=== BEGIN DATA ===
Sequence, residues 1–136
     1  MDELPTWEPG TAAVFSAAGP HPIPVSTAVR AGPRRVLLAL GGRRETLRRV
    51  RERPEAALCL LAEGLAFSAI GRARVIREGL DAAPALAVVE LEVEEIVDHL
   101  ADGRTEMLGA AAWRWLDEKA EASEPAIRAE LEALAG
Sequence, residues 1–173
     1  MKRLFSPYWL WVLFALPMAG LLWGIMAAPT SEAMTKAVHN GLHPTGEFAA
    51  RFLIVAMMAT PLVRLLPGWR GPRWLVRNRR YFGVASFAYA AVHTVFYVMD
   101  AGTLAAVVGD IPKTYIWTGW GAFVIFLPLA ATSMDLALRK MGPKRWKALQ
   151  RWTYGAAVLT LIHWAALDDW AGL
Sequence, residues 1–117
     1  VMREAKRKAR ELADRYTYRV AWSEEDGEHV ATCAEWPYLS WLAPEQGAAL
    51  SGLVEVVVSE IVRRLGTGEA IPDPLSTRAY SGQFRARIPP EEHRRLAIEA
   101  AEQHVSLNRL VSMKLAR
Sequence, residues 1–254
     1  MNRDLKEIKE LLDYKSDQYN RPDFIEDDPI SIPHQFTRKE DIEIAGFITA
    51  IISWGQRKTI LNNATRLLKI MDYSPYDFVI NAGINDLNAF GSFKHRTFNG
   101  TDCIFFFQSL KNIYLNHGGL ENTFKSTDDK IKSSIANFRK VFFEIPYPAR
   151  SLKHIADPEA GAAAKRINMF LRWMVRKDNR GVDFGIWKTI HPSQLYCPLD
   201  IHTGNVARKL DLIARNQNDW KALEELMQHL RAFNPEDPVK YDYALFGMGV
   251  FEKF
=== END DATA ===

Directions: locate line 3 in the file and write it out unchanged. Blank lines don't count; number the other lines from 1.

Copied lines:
    51  RERPEAALCL LAEGLAFSAI GRARVIREGL DAAPALAVVE LEVEEIVDHL